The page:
One of the primary factors pulling down the economy in the first quarter was, of course, inventory. There had been an epic surge in the middle of last year that made it all the way to Christmastime, only to have anticipated consumer strength “mysteriously” never appear. But that actually creates a bit of a misconception, as with a lot of facets of GDP accounting, that inventories actually shrunk during the -3% disaster. That was not the case at all.

GDP is a second derivative which means that changes in growth rates are what drive the figures. According to the BEA’s computations (which no doubt include imputations), private inventories grew by an astounding $144.8 billion in the third quarter of 2013 – leading to all those straight-line extrapolations of acceleration. As if that were not enough, inventory grew by a further $138.8 billion in the fourth quarter.

Whatever total pile of unsold items and material that businesses began the second half of 2013 on hand, it increased by an amazing $283.6 billion through the end of last year. However, because the rate of growth in the fourth quarter was slightly less than the third, inventory contribution to GDP was actually slightly negative despite being the second highest gross addition on record. Where inventory amounted to +1.67% of the 4.1% SAAR growth in Q3 GDP, it actually subtracted 0.02% in Q4.

In Q1 ’14, the growth rate of inventory fell from that $138.8 billion addition to only $62.9 billion. That was enough to subtract 1.7% from GDP, deepening the recessionary indication (as almost all recessions hinge on inventory), but that still meant inventories were growing at a rate not unlike all previous quarters of this recovery before the middle of last year. The average addition of inventory (in dollars; price changes are part of this) from early 2010 until the middle of 2013 was $60.4 billion. In other words, there was no inventory drawdown during the overdone “winter”, but rather inventory accumulation went from insane back to merely average.

ABOOK Jul 2014 Inventory GDP

In the advance GDP estimate, inventory was estimated to have grown by a still-insane $112.3 billion. The revision of the inventory growth rate down to “only” $62 billion accounted for a lot of that downward GDP revision. It wasn’t farm inventory to blame, either, as for some as yet unknown reason there has been an enlarged and enlarging stockpile of farm product taking place steadily since the beginning of 2013.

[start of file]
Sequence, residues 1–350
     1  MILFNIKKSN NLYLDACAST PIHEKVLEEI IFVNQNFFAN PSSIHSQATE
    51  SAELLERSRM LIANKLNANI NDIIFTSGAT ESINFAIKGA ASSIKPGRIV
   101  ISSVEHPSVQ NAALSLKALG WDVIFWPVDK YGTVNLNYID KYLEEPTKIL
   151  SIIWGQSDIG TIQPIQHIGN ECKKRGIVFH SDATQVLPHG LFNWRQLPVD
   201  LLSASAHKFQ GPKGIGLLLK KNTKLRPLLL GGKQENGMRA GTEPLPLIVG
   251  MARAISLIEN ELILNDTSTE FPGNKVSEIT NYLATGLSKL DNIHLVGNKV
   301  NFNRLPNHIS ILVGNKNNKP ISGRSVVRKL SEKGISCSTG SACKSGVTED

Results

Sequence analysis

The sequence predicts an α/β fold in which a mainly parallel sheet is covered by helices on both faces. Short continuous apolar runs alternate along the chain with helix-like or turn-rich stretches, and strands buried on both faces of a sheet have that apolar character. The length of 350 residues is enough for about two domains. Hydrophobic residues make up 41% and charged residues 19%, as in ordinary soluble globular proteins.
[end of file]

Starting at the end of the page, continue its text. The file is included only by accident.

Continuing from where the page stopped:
That doesn’t really match what we see in other inventory indications and data series. In the wholesale/retail figures, for example, inventory growth has either accelerated noticeably (wholesale) or only fallen slightly (retail).

ABOOK Jul 2014 Inventory to Sales

While the inventory-to-sales ratios have come down just a bit, in terms of raw growth rates there is nothing like what the BEA estimates of inventory.

ABOOK Jul 2014 Inventory WholesalesABOOK Jul 2014 Inventory Retail plus Wholesale Y-Y

On a seasonally-adjusted basis, the second derivative of retail and wholesale inventory in the separate series provided by the Census Bureau show a somewhat different identity and pattern.

ABOOK Jul 2014 Inventory 2nd Derivative

Whatever is actually taking place with inventory here domestically is still a tremendous issue – one that can hurt economically speaking even more despite cursory impressions of GDP “subtraction” in Q1. If you think that the economy is actually growing at a sustainable pace, then that opinion doesn’t apply, but it sure seems as if businesses were somewhat shocked out of such complacency in the first quarter. That would tend to suggest far less optimism and far more caution (even if the former does not yet fully replace the latter).

Where inventory goes from here will likely follow the consumer and not monetary direction. We don’t have enough inventory information yet for Q2 to render an opinion. As far as the sales part, it isn’t looking all that great. Without another attempt at monetary-driven psychology this year, second derivatives are likely to be challenging at best, making the uphill climb already facing the economy that much steeper.

 

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